The first time I left a man I had been living in Madrid for three years. I walked into a bar on Calle Lavapiés when I heard “Can I buy you a drink?” I turned to match the deep voice to full lips and short brown hair. He introduced himself, but all I heard was that he was a photographer. When I gave him a double kiss all I could think was that he smelled like someone I already knew. He bought me a round. Then I watched him sip his beer and roll a cigarette. He licked his lips. His eyes were dark. He looked like someone. It was almost like I must have met him at some other point in my life. He glanced up at me. I smiled. I knew he’d become someone I’d sleep with regularly if I wanted. That night, he kissed me and I gave him my real number.
The next time we hung out he took me to a David Lynch like club with red velvet couches and walls of mirrors. Afterward we went to his place, smoked pot, and talked about our grandmothers. He showed me pictures of when he used to have dreadlocks, and then I saw his portfolio. He spoke passionately while I leafed through his portraits and landscapes. It was 3 a.m. when I said I had to leave. He pulled me in close. “Stay.” I got up and put on my clothes. I looked around and grabbed my bag then tried to shut the door behind me but it wouldn’t latch. I tip toed back in. Still naked, he said, “You have to pull it con fuerza sin miedo,” which roughly translates to with strength and without fear.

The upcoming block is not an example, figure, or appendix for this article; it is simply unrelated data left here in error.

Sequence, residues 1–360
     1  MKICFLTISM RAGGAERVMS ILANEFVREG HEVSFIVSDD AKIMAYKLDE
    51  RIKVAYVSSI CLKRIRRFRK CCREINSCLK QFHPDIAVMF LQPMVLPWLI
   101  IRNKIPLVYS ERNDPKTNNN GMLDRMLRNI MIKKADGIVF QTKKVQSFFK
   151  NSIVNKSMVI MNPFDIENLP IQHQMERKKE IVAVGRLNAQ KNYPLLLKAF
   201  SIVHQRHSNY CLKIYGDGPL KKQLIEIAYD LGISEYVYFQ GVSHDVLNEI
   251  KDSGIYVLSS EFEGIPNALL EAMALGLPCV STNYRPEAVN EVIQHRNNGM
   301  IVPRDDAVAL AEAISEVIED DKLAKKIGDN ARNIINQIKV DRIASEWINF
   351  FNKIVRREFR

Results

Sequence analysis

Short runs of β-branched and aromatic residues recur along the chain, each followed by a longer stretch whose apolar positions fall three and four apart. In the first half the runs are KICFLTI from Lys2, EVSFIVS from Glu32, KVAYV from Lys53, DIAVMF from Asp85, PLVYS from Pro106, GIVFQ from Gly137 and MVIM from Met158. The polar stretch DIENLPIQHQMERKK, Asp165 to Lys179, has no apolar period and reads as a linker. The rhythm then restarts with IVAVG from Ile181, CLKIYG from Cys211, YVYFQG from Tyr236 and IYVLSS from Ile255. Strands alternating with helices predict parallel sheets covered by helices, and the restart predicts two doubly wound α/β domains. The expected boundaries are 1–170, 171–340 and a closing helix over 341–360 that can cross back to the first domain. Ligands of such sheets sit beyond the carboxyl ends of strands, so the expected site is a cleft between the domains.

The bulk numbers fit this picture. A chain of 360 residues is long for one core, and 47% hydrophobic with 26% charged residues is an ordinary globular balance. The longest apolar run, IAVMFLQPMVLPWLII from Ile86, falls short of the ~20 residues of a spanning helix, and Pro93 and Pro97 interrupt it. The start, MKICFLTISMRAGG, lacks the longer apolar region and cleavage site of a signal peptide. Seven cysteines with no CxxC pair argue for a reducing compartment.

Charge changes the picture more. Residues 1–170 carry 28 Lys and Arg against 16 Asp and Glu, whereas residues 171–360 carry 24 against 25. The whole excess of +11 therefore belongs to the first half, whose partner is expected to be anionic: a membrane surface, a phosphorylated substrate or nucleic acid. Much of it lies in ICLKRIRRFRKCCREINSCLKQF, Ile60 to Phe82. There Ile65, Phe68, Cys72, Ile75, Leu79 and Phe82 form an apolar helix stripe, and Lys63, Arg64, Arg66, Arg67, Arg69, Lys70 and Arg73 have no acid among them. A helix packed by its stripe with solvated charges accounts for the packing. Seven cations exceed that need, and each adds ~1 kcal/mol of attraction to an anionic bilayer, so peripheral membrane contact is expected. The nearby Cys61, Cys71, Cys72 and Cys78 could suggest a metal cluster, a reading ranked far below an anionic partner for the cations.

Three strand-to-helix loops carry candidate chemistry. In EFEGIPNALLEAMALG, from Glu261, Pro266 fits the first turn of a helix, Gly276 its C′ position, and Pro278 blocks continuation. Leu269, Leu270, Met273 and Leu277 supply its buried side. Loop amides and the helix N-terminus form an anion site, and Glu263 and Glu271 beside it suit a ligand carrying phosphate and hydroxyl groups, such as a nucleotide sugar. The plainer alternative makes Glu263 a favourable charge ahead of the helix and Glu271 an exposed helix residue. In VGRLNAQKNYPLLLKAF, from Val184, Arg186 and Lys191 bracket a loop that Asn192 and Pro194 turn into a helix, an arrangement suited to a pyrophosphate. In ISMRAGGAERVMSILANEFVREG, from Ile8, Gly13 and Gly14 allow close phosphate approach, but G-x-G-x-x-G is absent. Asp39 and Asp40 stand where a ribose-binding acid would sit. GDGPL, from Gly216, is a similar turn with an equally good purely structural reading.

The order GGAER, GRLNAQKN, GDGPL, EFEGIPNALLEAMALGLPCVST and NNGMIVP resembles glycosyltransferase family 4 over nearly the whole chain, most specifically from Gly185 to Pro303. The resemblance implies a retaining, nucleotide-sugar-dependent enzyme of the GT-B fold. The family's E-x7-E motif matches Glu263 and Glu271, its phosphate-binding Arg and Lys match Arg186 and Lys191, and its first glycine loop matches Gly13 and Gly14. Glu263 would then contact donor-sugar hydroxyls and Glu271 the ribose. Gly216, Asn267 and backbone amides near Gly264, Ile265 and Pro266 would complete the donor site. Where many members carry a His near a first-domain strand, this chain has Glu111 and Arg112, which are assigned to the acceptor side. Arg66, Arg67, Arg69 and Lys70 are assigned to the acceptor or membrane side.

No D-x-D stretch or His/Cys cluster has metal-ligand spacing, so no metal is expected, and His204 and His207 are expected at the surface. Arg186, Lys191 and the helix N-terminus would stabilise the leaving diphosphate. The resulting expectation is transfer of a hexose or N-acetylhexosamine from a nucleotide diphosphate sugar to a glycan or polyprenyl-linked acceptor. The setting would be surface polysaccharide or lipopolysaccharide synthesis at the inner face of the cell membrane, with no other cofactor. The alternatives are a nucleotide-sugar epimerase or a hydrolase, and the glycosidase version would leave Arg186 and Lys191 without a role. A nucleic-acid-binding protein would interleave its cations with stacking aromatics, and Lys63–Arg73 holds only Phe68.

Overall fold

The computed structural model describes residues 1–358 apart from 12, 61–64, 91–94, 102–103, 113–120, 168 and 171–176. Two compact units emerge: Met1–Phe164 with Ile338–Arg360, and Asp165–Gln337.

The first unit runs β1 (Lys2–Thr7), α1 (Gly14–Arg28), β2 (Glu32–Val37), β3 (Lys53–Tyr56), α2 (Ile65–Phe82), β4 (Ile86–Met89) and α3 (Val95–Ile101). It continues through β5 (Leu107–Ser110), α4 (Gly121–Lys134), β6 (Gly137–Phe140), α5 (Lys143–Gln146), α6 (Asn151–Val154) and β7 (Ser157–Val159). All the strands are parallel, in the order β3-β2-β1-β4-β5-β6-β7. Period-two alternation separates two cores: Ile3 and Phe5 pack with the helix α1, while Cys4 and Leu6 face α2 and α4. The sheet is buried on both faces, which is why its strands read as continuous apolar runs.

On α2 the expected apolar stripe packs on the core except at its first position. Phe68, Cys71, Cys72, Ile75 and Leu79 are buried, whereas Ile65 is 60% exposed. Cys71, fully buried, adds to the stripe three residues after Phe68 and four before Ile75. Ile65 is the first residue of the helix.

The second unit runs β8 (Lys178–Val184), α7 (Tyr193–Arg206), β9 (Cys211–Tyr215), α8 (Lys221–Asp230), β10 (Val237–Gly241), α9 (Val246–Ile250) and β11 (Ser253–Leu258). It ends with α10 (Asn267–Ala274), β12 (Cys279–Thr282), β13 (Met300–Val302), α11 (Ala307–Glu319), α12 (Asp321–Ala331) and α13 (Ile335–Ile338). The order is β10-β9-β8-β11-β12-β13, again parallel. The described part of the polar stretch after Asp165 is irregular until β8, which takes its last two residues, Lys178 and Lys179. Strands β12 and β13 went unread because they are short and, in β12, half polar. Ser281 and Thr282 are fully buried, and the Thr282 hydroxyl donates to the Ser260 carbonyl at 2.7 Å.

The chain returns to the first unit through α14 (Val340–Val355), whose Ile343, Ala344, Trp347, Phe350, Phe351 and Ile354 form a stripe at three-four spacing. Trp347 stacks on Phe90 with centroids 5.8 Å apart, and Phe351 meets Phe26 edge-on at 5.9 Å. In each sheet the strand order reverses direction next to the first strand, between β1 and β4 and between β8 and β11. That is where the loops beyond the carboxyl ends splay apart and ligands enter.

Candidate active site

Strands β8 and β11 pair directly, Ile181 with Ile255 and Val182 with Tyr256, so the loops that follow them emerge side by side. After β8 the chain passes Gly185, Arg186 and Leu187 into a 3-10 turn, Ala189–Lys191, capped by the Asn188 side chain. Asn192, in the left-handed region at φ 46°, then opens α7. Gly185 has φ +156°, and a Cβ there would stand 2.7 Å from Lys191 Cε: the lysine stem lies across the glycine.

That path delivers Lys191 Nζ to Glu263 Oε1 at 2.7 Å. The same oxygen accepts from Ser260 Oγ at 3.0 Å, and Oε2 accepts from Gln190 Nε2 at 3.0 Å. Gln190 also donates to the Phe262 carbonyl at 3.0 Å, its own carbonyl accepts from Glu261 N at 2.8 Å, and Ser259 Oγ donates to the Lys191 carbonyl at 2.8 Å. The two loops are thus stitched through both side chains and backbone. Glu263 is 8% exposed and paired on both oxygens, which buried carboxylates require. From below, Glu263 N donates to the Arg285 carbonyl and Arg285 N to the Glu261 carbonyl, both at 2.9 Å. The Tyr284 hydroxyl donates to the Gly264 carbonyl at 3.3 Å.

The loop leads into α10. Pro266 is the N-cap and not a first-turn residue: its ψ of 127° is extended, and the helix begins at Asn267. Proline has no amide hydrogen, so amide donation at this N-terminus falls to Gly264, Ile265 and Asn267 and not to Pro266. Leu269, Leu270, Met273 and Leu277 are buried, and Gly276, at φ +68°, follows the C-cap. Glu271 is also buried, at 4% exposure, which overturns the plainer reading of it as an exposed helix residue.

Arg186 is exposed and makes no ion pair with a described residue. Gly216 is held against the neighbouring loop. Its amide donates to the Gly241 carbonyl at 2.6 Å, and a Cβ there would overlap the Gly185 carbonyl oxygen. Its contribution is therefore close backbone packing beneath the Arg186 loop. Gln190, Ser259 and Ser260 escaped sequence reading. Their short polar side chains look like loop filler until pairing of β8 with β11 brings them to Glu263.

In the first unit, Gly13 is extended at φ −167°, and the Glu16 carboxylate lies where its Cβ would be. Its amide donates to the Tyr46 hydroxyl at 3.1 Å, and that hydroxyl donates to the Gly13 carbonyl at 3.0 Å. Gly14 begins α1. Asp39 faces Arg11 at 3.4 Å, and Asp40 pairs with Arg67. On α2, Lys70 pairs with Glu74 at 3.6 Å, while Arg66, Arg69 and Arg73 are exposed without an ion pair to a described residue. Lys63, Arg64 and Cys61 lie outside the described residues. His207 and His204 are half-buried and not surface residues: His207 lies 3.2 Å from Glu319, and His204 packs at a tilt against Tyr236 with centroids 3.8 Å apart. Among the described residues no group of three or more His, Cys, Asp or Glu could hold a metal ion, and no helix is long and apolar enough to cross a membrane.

While others turned to ice cream, depressed music or movies to heal wounds, I turned to shutting the door behind me as often as I could. Every time I pulled the door closed, the sound of the latch empowered me. It was walking home afterward when I would think about the expression on a face when I grabbed my bag, or the awkward phrase to keep me there as I threw on my shirt. It had become my medication, the satisfaction of seeing all of them as nothing more than what I had been: shocked, silenced, and left.
A couple weeks after I met the man in plaid, he asked me to be his girlfriend. We were on a bench in Cape Cod, my legs draped over his and my head on his shoulder. He was asking me to stay. I couldn’t help but think that it was all the leaving that let me arrive at this place. I kissed him and said, yes, con fuerza sin miedo.